Another part of the story has been Georgia’s desire to join NATO, and seek protection from the West. NATO’s refusal to date suggests weakness to the Russians, who keep track of that sort of thing.

Russia has not made much of a secret at her anger over the dissolution of the Soviet Union and loss of Superpower status. With oil funds flowing into a now state-controlled oil industry, the West must take notice. It is reported that Russia has just nationalized half of its wheat crop.

The European Union made bland protests, apparently shocked, shocked, that Russia didn’t realize that we had entered a new era when we solved problems by talking. The United Nations did what they do best, they had a meeting.

John McCain said that “Tensions and hostilities between Georgians and Ossetians are in no way justification for Russian troops crossing an internationally recognized border.” He also called on “Russia to immediately and unconditionally withdraw its forces from the territory of Georgia.”

Barack Obama called for “talks among all sides and said the United States, the UN. Security Council and other parties should try to help bring about a peaceful resolution.” Obama looked forward to an international peacekeeping force under an appropriate UN mandate.” Appropriately wimpy.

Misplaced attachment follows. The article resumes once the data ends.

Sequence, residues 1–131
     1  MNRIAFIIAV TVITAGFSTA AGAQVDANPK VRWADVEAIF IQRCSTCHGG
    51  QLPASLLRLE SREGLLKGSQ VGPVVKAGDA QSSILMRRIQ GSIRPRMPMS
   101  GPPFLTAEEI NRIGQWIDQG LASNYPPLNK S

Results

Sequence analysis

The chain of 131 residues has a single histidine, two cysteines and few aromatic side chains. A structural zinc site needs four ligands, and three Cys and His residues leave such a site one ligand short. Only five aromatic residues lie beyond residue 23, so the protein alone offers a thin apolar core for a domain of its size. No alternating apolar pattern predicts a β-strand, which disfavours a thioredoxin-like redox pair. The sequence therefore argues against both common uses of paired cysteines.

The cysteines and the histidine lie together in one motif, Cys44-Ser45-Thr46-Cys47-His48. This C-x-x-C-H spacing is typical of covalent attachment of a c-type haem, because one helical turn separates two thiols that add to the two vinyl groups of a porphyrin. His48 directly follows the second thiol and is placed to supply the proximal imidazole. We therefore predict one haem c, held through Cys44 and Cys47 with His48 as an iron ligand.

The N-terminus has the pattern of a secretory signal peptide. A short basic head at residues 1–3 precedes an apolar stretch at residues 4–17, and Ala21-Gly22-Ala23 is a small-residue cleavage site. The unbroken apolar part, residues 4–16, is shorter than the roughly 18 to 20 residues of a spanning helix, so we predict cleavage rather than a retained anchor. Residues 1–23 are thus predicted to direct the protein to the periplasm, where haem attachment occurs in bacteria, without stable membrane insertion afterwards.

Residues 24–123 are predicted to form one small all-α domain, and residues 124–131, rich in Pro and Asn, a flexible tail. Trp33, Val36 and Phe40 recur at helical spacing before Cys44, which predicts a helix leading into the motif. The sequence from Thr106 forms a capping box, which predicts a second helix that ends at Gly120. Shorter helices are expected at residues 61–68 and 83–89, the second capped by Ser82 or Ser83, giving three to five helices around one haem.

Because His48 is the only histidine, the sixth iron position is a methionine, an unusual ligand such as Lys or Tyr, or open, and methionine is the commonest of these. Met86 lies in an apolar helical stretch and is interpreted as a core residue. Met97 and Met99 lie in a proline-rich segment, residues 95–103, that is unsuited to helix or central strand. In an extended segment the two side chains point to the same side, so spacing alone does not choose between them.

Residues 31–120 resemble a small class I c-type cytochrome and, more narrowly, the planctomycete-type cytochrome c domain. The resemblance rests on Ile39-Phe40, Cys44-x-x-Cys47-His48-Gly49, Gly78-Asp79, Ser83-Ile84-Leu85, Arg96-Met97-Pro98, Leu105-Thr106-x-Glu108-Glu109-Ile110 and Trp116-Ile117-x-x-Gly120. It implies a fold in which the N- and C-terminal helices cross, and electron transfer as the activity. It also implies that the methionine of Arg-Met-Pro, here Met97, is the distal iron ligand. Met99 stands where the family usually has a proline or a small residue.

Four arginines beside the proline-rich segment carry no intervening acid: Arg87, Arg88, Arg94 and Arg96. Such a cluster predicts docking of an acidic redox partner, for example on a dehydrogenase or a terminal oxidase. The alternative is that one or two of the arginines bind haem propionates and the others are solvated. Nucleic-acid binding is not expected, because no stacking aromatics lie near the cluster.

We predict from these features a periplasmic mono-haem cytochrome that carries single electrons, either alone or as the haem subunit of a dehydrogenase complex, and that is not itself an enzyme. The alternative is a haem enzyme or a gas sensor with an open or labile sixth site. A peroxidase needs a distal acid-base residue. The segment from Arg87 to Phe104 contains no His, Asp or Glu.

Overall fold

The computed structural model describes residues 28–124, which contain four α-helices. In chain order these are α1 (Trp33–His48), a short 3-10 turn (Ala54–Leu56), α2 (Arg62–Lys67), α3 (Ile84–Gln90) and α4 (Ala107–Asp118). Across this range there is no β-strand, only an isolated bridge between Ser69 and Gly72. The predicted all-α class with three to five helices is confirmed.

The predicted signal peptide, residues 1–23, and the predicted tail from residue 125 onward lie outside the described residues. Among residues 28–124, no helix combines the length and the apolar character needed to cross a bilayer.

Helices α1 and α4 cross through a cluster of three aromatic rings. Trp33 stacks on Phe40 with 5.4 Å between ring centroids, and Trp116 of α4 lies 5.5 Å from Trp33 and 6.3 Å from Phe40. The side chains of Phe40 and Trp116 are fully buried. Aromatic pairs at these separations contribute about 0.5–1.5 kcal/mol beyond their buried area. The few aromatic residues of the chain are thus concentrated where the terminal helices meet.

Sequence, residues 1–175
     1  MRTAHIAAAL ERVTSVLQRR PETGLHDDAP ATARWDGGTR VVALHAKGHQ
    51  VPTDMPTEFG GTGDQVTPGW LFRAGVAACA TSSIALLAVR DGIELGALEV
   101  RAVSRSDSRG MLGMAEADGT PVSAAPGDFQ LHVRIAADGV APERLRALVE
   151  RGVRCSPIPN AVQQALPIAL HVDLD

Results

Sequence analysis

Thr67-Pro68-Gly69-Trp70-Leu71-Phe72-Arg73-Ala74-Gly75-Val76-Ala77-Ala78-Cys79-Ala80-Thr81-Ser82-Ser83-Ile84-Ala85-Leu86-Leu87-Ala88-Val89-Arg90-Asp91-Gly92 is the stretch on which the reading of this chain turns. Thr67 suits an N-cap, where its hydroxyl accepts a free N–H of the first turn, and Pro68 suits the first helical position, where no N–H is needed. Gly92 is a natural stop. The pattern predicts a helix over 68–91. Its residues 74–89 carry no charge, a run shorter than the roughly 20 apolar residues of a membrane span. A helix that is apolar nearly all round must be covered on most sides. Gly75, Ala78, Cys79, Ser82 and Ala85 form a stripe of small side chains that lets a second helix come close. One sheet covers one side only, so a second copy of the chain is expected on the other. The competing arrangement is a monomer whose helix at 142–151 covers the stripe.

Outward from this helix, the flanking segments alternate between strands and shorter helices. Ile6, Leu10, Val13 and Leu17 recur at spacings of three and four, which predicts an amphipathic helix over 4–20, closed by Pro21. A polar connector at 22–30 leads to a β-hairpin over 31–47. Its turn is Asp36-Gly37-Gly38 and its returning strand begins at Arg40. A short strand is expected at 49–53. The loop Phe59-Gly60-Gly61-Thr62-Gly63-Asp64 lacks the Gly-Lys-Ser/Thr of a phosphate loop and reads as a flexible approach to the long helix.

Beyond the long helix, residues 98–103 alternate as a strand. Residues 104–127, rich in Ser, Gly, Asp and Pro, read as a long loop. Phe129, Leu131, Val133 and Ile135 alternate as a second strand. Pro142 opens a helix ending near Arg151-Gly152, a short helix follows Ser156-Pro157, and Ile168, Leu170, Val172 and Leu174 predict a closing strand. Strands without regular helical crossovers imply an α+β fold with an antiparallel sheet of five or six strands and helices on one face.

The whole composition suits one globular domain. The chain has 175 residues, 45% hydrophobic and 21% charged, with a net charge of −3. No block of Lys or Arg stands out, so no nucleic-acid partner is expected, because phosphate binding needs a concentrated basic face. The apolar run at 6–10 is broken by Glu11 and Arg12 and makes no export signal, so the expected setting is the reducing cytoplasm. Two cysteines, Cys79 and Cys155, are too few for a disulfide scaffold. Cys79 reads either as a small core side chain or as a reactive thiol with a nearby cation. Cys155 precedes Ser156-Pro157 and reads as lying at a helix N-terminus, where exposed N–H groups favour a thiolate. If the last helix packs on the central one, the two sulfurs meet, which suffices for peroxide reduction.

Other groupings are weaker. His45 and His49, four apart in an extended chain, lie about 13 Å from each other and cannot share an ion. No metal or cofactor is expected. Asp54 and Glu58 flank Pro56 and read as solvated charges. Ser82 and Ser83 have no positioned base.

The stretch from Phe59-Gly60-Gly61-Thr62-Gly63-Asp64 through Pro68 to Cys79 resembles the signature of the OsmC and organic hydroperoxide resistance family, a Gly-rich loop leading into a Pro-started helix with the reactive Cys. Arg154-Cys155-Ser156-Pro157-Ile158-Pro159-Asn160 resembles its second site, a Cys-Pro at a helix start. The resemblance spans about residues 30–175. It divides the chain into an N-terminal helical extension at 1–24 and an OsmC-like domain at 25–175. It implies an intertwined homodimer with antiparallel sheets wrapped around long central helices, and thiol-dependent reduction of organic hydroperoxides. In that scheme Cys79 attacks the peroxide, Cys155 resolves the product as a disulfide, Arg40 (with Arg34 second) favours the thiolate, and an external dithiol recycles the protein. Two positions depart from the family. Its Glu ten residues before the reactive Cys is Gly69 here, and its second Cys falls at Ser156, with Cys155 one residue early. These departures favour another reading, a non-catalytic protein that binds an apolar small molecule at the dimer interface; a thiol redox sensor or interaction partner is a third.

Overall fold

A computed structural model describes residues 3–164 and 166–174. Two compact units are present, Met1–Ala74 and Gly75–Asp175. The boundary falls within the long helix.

Georgia has pulled out of South Ossetia. Russia is in control. Georgia has ordered a cease fire and called for talks. A little war. Lots of dead.

Do you suppose that these events will arouse a slumbering Europe into a realization of the true nature of the world, or will they go on dreaming of a world without conflict? Of armies that are unneeded and unfunded?

Will Nancy Pelosi and Harry Reid understand that drilling for our own oil is also a national security issue? That the Strategic Reserve is a – strategic – reserve. Or will they go on making up stories about greedy oil companies, evil speculators, and threatened species (that are multiplying nicely) and, oh yes, the need to save the planet, rising seas, disastrous storms and droughts and all those other mythical results from a one degree warming that stopped ten years ago.

Well, no, probably not.

El Baradei Will Resign if Iran Attacked. Oh, and By the Way, Iran Could have Nukes in 6 Months by American Elephant

You may have seen the news on Friday that the head of the International Atomic Energy Agency (IAEA), Mohamad ElBaradei, warned that he will resign if Iran is attacked. (This is supposed to be a deterrent?)

One teeny tiny little detail the mainstream media neglected to report, however, is that ElBaradei also said Iran could have a nuclear weapon in as little as 6 months. (h/t lgf)

Most people, I think, would consider the latter ever so slightly more newsworthy than the former. Call me crazy.

Then there’s the New York Times ongoing effort to reveal every national security secret they possibly can.

Both of which beg the question, how far does the media have to go before bias becomes duplicity, subversion and treason?